Gift ban proposal re-filed for 2017; sponsor expects better chance of passage under Governor-Elect Greitens

The sponsor of a key ethics reform proposal that the House passed in 2016 believes it has a stronger chance of becoming law in 2017.

Representative Justin Alferman (photo; Tim Bommel, Missouri House Communications)
Representative Justin Alferman (photo; Tim Bommel, Missouri House Communications)

Hermann Republican Justin Alferman filed in 2016 legislation that would ban gifts from lobbyists to state legislators.  It passed the Missouri House but did not reach the governor.

Alferman has filed that legislation for the 2017 session and said he expects it to have more vigorous support from the administration of Governor-Elect Eric Greitens.

“Governor [Jay] Nixon’s office didn’t coordinate with myself, didn’t coordinate with [House Speaker Todd Richardson] on any of the ethics bills that he took credit for,” said Alferman.  “Governor-Elect Greitens has already called me and I’ve already been in talks with his staff in order to craft a better bill.”

Alferman said the incoming governor’s staff is pleased with the position the House took last year of an all-out ban on gifts, rather than setting a limit.

“The House has proven our position is going to be zero.  We can’t even start negotiating on what the final bill’s going to look like until we get it back from the Senate,” said Alferman.  “Between infinity and zero … there’s a lot of wiggle room.”

The 2016 bill stalled in the Senate where, Alferman said, some senators worked to defeat it, but he says some among them are no longer in office.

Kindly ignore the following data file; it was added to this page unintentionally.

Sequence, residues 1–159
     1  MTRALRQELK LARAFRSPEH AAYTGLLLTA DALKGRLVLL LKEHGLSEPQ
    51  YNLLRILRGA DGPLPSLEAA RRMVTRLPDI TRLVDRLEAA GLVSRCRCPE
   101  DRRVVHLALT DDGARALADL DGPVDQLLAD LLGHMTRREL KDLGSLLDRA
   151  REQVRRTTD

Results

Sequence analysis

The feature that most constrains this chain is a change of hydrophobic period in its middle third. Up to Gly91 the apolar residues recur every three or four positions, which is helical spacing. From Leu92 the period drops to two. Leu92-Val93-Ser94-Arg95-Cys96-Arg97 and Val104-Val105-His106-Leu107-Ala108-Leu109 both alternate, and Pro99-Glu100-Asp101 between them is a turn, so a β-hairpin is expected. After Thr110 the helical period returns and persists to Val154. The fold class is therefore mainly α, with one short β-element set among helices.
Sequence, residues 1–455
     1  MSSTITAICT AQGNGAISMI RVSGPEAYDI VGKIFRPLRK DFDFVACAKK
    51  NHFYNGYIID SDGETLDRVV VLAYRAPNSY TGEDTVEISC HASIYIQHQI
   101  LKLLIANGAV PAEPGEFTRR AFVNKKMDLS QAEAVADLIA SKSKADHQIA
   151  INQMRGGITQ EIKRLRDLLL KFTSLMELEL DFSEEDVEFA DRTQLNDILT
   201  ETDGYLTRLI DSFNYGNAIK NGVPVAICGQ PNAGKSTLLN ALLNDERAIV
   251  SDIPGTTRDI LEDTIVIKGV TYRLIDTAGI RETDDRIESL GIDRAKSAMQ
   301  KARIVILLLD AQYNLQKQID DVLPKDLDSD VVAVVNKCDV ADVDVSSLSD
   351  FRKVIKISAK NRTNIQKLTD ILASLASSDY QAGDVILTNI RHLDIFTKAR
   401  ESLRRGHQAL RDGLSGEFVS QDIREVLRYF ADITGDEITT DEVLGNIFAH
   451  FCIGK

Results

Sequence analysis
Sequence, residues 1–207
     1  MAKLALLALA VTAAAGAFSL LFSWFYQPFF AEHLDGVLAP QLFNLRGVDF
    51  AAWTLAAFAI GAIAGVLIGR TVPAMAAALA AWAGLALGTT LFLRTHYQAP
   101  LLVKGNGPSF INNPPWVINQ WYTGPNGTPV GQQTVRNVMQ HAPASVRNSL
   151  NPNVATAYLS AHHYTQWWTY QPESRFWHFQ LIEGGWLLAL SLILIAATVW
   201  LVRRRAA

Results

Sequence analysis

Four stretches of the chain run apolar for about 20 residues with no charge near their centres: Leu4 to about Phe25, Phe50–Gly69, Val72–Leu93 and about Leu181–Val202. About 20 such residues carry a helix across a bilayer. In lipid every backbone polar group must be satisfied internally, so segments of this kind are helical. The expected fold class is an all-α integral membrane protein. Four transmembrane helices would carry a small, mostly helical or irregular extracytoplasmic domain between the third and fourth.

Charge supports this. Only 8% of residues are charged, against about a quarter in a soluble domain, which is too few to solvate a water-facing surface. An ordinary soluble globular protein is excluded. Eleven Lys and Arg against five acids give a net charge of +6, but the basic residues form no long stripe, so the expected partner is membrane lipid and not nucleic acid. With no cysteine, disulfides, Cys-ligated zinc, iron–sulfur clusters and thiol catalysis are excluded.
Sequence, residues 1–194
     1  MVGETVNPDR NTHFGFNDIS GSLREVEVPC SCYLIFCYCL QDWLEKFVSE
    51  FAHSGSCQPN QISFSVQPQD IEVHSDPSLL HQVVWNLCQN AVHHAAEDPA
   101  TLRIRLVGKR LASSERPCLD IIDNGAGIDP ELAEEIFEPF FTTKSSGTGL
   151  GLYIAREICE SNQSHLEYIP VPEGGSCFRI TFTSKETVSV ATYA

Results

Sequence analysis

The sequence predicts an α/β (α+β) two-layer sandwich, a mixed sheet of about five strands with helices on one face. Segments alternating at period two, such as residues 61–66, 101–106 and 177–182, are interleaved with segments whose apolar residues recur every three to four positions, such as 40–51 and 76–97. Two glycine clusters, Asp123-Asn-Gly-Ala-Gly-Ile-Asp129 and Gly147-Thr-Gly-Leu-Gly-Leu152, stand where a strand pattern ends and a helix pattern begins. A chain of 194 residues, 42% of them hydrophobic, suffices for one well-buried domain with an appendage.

“Having the executive branch that is going to be a major driver in this is going to be extremely helpful in getting this done this year,” said Alferman.  “[Senate President Pro Tem Ron Richard and Senate Majority Leader Mike Kehoe] have been extremely helpful in at least giving it floor time last year and getting it to the point that it did.”

The legislature passed and Governor Nixon signed into law three ethics reforms in 2016 – bills that bar elected officials from hiring one another as paid political consultants; bar statewide elected officials, members of the General Assembly, or appointees subject to Senate confirmation from registering as lobbyists until six months after the end of their terms; and limit how long campaign funds can be invested and how they can be used.

Alferman said between those and policies enacted by House leadership to govern how House members and staff behave both in and out of the Capitol, and similar policies in the Senate, the public perception of the legislature should be better than it was four years ago.

“What the speaker has done and set in place has hopefully alleviated any concerns that there are of either sexual harassment or inappropriate workplace dealings that we potentially had in the past.” said Alferman. 

Today is the first day legislators can file measures to be considered in the 2017 legislative session.

Update:  The 2017 bill is HB 60.